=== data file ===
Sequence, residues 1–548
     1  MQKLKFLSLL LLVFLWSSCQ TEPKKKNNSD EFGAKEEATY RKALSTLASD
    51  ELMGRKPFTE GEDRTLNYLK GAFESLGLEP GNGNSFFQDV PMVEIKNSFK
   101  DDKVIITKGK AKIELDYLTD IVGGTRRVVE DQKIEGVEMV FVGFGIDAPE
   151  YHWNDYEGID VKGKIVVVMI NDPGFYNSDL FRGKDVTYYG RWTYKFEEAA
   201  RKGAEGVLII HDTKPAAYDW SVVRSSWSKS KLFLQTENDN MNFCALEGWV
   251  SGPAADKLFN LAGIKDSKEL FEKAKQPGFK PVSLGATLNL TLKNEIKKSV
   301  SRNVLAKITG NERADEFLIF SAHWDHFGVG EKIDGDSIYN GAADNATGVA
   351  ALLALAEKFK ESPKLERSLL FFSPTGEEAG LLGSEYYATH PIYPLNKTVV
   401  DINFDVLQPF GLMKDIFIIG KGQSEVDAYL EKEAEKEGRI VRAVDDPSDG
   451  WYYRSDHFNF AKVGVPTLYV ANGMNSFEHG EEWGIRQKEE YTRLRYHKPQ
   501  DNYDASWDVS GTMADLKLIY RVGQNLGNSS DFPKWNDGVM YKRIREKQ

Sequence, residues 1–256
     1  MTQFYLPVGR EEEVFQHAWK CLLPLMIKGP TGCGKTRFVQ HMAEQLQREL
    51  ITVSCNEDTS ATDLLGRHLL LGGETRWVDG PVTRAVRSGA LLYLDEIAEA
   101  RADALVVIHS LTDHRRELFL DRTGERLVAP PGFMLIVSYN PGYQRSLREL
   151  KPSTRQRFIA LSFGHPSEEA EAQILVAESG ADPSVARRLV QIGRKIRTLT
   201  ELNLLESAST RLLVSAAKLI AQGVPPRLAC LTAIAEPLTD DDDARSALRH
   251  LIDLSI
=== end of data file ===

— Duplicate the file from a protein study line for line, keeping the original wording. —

Sequence, residues 1–548
     1  MQKLKFLSLL LLVFLWSSCQ TEPKKKNNSD EFGAKEEATY RKALSTLASD
    51  ELMGRKPFTE GEDRTLNYLK GAFESLGLEP GNGNSFFQDV PMVEIKNSFK
   101  DDKVIITKGK AKIELDYLTD IVGGTRRVVE DQKIEGVEMV FVGFGIDAPE
   151  YHWNDYEGID VKGKIVVVMI NDPGFYNSDL FRGKDVTYYG RWTYKFEEAA
   201  RKGAEGVLII HDTKPAAYDW SVVRSSWSKS KLFLQTENDN MNFCALEGWV
   251  SGPAADKLFN LAGIKDSKEL FEKAKQPGFK PVSLGATLNL TLKNEIKKSV
   301  SRNVLAKITG NERADEFLIF SAHWDHFGVG EKIDGDSIYN GAADNATGVA
   351  ALLALAEKFK ESPKLERSLL FFSPTGEEAG LLGSEYYATH PIYPLNKTVV
   401  DINFDVLQPF GLMKDIFIIG KGQSEVDAYL EKEAEKEGRI VRAVDDPSDG
   451  WYYRSDHFNF AKVGVPTLYV ANGMNSFEHG EEWGIRQKEE YTRLRYHKPQ
   501  DNYDASWDVS GTMADLKLIY RVGQNLGNSS DFPKWNDGVM YKRIREKQ

Sequence, residues 1–256
     1  MTQFYLPVGR EEEVFQHAWK CLLPLMIKGP TGCGKTRFVQ HMAEQLQREL
    51  ITVSCNEDTS ATDLLGRHLL LGGETRWVDG PVTRAVRSGA LLYLDEIAEA
   101  RADALVVIHS LTDHRRELFL DRTGERLVAP PGFMLIVSYN PGYQRSLREL
   151  KPSTRQRFIA LSFGHPSEEA EAQILVAESG ADPSVARRLV QIGRKIRTLT
   201  ELNLLESAST RLLVSAAKLI AQGVPPRLAC LTAIAEPLTD DDDARSALRH
   251  LIDLSI